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The Laws and Practices of Erev Yom Kippur

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Many customs and laws occupy us on the day preceding Yom Kippur.  Some are accustomed to visit cemeteries before Yom Kippur (Rama 605), others participate in kapparot (ibid.) by swinging a live chicken or a small sack of money above their heads, and some were even accustomed to receive malkot (lashes) in order to motivate themselves to repent.  This week, we will focus on a number of central laws and customs observed on Erev Yom Kippur: asking for forgiveness, immersion in a mikve, viduy (confession) and eating.

Asking Forgiveness before Yom Kippur

          It is customary to ask forgiveness from one's fellow man before Yom Kippur.  We even find that for thirteen years, Rav visited R. Chanina on the day before Yom Kippur to beg his forgiveness (Yoma 87b).  This practice is based upon the following mishna:

For sins between man and God Yom Kippur atones, but for sins between man and his fellow Yom Kippur does not atone until he appeases his fellow.  R. Elazar ben Azarya derived [this from the verse]: "From all your sins before God you shall be cleansed" (Vayikra 16:30) – for sins between man and God Yom Kippur atones, but for sins between man and his fellow Yom Kippur does not atone until he appeases his fellow.

The gemara (87a) continues:

R. Yitzchak said: Whoever aggravates his fellow even through words is required to placate him… R. Yosi bar Chanina said: Whoever beseeches forgiveness from his friend should not beseech him more than three times.  And if he died, [the offender] brings ten people and must stand them by his grave and he says, "I have sinned against the Lord, the God of Israel, and so-and-so whom I wounded."

Furthermore, the Talmud (Bava Kama 92a) teaches that one should be quick to forgive.

Whence can we learn that should the injured person not forgive him he would be [stigmatized as] cruel? From the words: "So Avraham prayed unto God and God healed Avimelekh"  (Bereishit 20:17).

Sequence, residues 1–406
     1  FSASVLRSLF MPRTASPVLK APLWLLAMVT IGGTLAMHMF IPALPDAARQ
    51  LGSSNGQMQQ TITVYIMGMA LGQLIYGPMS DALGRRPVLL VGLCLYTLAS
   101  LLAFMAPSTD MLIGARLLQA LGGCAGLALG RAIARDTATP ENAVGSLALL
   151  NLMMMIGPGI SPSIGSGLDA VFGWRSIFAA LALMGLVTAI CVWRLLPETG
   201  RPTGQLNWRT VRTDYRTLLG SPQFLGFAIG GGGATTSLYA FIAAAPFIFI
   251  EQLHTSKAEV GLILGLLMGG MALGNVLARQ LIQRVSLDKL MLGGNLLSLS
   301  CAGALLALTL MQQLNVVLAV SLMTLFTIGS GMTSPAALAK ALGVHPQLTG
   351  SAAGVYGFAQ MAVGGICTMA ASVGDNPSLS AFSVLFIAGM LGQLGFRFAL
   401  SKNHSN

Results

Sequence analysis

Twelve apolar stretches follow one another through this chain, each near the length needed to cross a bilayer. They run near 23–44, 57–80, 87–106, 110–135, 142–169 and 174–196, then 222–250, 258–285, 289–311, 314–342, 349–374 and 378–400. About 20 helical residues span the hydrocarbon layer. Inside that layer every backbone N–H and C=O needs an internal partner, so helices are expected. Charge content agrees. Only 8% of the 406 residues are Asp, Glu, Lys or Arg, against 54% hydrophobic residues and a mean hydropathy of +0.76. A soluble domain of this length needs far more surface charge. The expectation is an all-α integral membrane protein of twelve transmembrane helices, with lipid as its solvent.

In fact, the gemara (Yoma 87a) relates that "When R. Zeira would have grounds [for a grievance] against someone, he would pass in front [of the offender], thereby making himself available to him so that he would come and appease him." Similarly, the Rambam (Hilkhot Teshuva 2:10) writes: "This is the way of the Israelite people and their principled heart." Indeed, as Rava (Rosh Hashana 17a) asserts: "Anyone who passes over his measures [i.e., relinquishes his rights and does not judge those who have wronged him], they [God] pass over all of his sins."

          Only under certain circumstances, such as for the benefit of the offender (Yoma 87b) or if one was publically maligned, is the victim not obligated to forgive (Rema 406:1), although it is certainly proper (Mishna Berura 11). 

          Some Acharonim question whether one who knows that he has been forgiven must still ask for forgiveness.  Seemingly, this relates to a fascinating question: Are we concerned merely with the victim forgiving the offender, or with the offender actually asking for forgiveness as part of the process of repentance?  One of the most uncomfortable situations involves the following scenario: What if one does not know that he has been offended, and by asking for forgiveness, the offender may actually cause his distress? R. Yisrael Meir Kagan (1838 - 1933), in his Sefer Chafetz Chayim (5:12), writes:

One who sinned against his friend without his knowledge but did not cause him any embarrassment or distress or damage, as those who heard rejected his words, does NOT have to ask for forgiveness from his friend. This is considered a sin between man and God, and he should express remorse, and accept upon himself not to speak lashon ha-ra in the future.  However, if he spoke ill of someone without his friend knowing and he was embarrassed by this… even if his friend doesn't know this, he must still reveal to him what he has done and ask forgiveness from him. 

In his Mishna Berura (606:3), he writes that if specifying the offense will cause a person embarrassment, the offender need not specify it.  He adds, however, that one who asks forgiveness from a group of people has not fulfilled his obligation if he knows that he wronged a specific person. 

R. Yisrael Salanter (cited by numerous Acharonim) disagrees and recommends that one should thoroughly consider ones actions, as at times merely asking someone for forgiveness may constitute a sin of causing someone distress.  R. Binyamin Zilber, in his Az Nidberu (7:66), rules accordingly.

R. Avraham Danziger (1748-1820), author of the Chayei Adam (144), formulated and popularized the famous opening supplication of Yom Kippur, Tefilla Zakka.  This moving prayer, recited by individuals before Kol Nidrei, bemoans how man has misused his God-given abilities; instead of using them for the service of God, he has used them for sin.  The climax of this prayer, which even those who do not have sufficient time to recite the entire Tefilla Zakka should recite, reads: